Another factor in change

We’ve all had the experience of wanting to make a change but being unable to sustain it. What gets in our way is not so much resistance as habit. An organization’s journey to improvement requires breaking old habits while adopting new ones. Some organizations will do better by making a big jump, others through a series of small steps. Neither one is correct, rather both depend upon upon the organization and its culture.


  • Lean tells us to change the system and to have management drive from the viewpoint of meeting organizatioal needs while supporting people in being able to do their work better
  • Culture can’t be changed directly but can best be changed by changing our methods of collaboration and the agreements we make with each other
  • Reistance is not to change but rather to imposed change.
  • Learning new habits instead of fallilng back into old ones is often a bigger impediment to improvement than resistance

Making change

It would be great to transform an organization into a magically wonderful space. But to be candid, I’d be happy if people could just get their job done. That’d great satisfaction and meaningfulness. After that is accomplished, keep undertaking your journey. Unfortunately, in the real world that’s not an option.

Different Agile frameworks and methods take different approaches to change. Scrum, and most of its derivatives (e.g., SAFe, LeSS, Scrum@Scale) insist on changeup front. The Kanban Method suggests no change up front.  These are two extreme camps: one requiring a certain starting point (and thereby often requiring up-front change in order to follow its approach) and the other saying any up-front change will result in resistance by the development teams.  Neither position is sufficient. Neither applies most of the time. Your approach should always be determined by the situation you are in… not by whatever approach you are most comfortable with.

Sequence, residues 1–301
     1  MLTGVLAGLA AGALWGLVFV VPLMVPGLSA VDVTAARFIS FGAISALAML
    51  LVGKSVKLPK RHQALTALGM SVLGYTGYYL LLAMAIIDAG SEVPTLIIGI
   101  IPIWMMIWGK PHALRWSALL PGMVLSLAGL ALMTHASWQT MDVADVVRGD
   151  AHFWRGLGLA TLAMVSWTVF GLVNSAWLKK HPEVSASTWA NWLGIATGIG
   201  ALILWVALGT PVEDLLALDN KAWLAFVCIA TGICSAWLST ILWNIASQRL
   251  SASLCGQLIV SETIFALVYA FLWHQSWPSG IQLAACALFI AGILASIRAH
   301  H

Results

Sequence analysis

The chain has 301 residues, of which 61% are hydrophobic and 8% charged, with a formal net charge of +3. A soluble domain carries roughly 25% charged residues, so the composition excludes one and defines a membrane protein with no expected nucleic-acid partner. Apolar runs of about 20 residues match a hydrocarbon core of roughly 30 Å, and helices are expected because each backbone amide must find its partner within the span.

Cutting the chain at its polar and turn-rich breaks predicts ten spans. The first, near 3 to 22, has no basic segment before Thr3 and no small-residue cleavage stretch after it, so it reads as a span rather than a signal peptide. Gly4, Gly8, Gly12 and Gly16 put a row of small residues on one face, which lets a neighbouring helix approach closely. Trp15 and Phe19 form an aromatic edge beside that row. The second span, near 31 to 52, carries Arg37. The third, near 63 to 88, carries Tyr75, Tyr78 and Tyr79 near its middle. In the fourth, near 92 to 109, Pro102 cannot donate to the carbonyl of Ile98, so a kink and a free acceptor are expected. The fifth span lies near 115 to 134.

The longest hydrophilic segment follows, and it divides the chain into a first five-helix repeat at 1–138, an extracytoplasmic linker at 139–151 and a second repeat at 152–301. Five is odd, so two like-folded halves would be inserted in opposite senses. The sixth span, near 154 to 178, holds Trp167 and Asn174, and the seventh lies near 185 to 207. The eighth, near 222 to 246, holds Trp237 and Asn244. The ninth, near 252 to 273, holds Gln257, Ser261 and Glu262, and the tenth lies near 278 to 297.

Ignoring change or avoiding change are not the only two alternatives

At a conference years ago Don Reinertsen and I were watching from the back of the room together. At one point it was clear that there was a pattern of “this or that.” Don made a funny observation “these folks have been around 1s & 0s too long.” I had had the same feeling and laughed at his eloquence. We’re still doing that.

We look at Scrum as a thing and Kanban as a thing.  Neither are “things” but rather are approaches to improvement. Scrum has the cross-functional team be sacrosanct while David Anderson says “visualization not reorganization.” There is power to both. Both are proxies to what we need to do – have effective collaboration. But it is not as simple as one or the other. As a side note, The Kanban method is not the same as Kanban as used by many outside of Lean Kanban University of which I was a co-founder but am not active anymore. See Demystifying Kanban for more.

Conway’s law tells us “organizations which design systems are constrained to produce designs which are copies of the communication structures of these organizations.” My corollary is that “When development groups change how their development staff are organized, their current application architecture will work against them.” Reorganizing often works against change because it creates new problems. 

Scrum, and all of its derivatives, require cross-functional teams to implement it.  However, in many cases, this is either not advisable or can be somewhat traumatic.  When Scrum is imposed, such as when a C-level person says, “we’re doing Scrum” expect resistance. In any event: